Business Studies tuition – The iPhone 7 will never sell. Oh really?
Nope, don’t want one of them, thanks. The headphone jack has gone – how can I charge my phone while I’m listening to it, like we all do? And it looks just the same as the last two, isn’t that the third year without a change? And you can’t get the new dual camera except on the big one, who wants that? And in China they’ve stopped buying iPhones, they’re just too dear and they aren’t that cool any more.
Then how come the Financial Times reported this weekend: “Fanfare in Apple stores as scale of iPhone 7 orders surprises providers”?
Advance orders to Sprint and T-Mobile in the US are four times higher than for the iPhone 6S, and more than half the orders are for the larger ‘Plus’ model. The new jet-black colour model has sold out.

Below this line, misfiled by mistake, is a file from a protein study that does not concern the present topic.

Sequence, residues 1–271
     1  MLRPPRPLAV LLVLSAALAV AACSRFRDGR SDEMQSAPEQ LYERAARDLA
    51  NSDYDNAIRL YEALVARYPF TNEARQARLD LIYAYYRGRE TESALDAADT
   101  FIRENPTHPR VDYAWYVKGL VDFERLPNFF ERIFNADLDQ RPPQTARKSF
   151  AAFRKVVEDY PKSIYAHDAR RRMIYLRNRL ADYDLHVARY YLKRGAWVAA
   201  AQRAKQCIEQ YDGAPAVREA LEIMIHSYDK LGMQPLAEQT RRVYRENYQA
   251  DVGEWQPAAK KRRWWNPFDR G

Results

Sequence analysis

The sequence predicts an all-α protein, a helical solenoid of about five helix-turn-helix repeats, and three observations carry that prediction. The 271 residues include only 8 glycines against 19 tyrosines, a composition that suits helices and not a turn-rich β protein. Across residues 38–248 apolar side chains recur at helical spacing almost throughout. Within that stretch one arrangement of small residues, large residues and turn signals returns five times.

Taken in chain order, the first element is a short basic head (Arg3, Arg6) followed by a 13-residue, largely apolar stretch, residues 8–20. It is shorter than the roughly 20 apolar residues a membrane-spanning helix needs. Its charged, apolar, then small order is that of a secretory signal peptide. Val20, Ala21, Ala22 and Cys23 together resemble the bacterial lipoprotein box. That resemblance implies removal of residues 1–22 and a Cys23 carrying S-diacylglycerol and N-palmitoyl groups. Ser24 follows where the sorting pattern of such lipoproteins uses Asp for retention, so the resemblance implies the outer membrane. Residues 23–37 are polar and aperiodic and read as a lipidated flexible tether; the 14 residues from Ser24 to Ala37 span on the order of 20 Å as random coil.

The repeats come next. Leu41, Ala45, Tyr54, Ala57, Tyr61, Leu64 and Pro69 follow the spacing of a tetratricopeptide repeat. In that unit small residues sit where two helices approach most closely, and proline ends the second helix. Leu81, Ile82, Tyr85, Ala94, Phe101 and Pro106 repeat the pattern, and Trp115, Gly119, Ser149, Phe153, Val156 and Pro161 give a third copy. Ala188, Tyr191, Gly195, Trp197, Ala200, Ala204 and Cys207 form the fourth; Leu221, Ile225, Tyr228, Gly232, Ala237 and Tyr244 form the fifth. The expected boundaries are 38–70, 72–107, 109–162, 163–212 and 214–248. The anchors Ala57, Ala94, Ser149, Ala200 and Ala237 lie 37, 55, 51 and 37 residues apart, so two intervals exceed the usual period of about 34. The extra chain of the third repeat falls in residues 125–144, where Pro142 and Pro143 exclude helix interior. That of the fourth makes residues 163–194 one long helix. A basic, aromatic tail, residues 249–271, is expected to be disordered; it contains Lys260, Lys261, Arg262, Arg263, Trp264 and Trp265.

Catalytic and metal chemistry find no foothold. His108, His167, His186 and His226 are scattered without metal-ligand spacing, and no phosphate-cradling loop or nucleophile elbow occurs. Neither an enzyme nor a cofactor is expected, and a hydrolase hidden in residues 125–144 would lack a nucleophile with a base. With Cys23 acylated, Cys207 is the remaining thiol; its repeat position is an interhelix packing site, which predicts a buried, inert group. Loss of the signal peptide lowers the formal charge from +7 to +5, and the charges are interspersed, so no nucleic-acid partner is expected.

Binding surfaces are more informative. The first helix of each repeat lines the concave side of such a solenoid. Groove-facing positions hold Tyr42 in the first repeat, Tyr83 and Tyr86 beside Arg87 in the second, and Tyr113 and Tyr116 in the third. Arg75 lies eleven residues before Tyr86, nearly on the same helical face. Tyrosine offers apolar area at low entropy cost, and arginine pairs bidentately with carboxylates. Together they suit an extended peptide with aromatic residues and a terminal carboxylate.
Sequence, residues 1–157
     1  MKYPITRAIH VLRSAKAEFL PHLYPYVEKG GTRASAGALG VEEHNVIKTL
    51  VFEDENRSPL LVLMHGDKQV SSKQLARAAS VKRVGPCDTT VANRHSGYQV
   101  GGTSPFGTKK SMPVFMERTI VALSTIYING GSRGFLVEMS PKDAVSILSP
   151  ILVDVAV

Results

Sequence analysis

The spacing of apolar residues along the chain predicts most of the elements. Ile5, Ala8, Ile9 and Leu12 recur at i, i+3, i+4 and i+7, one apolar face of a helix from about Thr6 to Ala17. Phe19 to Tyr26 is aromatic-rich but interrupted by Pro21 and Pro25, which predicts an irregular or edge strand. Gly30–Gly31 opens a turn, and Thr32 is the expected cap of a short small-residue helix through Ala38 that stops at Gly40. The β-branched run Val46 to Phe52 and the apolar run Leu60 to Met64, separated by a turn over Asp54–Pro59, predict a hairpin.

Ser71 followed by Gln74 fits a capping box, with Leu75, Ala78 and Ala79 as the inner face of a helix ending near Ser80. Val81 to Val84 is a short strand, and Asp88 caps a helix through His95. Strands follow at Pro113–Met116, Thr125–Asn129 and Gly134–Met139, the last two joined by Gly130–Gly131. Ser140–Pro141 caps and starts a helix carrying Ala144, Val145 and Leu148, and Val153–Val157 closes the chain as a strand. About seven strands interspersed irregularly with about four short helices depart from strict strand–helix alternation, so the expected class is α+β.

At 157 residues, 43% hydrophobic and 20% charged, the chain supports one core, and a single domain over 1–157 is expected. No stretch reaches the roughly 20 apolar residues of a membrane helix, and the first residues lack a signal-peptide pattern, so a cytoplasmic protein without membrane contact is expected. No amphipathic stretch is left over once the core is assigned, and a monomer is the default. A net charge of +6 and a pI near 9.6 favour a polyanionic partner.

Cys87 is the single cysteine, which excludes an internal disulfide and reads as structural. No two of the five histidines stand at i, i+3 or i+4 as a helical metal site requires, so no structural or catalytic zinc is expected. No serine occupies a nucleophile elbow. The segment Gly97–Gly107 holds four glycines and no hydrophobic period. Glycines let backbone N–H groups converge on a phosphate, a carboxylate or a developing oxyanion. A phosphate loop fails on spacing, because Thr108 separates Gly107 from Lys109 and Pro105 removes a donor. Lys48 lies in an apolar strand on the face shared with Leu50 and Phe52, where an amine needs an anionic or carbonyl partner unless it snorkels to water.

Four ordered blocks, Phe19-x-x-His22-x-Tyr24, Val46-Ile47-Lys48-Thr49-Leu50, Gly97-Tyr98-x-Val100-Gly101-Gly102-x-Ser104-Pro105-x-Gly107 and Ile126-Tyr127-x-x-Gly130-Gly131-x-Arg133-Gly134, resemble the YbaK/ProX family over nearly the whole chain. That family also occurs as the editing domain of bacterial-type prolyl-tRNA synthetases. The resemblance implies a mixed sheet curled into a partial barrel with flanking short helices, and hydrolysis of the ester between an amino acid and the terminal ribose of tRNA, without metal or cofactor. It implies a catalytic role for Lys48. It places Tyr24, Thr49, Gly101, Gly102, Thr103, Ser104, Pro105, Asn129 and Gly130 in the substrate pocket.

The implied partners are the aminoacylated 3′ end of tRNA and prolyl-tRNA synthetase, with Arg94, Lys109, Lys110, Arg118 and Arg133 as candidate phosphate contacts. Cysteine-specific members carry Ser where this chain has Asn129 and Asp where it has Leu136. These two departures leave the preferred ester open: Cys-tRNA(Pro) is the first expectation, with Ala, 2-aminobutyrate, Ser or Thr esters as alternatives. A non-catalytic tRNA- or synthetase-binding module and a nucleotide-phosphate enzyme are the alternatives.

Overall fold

It seems that customers who haven’t bought a new one for two or three years ago (that’s me) have been looking forward to the new model and they’re buying despite disappointment about the design and the headphone jack. (Er, that’s me too actually)
By the way, I’m due for a 24month upgrade and the trade-in value of my two year-old iPhone 6+ will more than offset the upfront cost of the new one on the same tariff package. So the new one won’t cost me a penny. Might that have something to do with my decision?
A level Business students take note! How could you use Apple as an example in an answer? Corp strategy? What would Porter say? How would the risk look on an Ansoff matrix? Where would the iPhone 7 sit in a Boston product portfolio matrix? Think about it.
The Oh Really guy. 18 Sept 16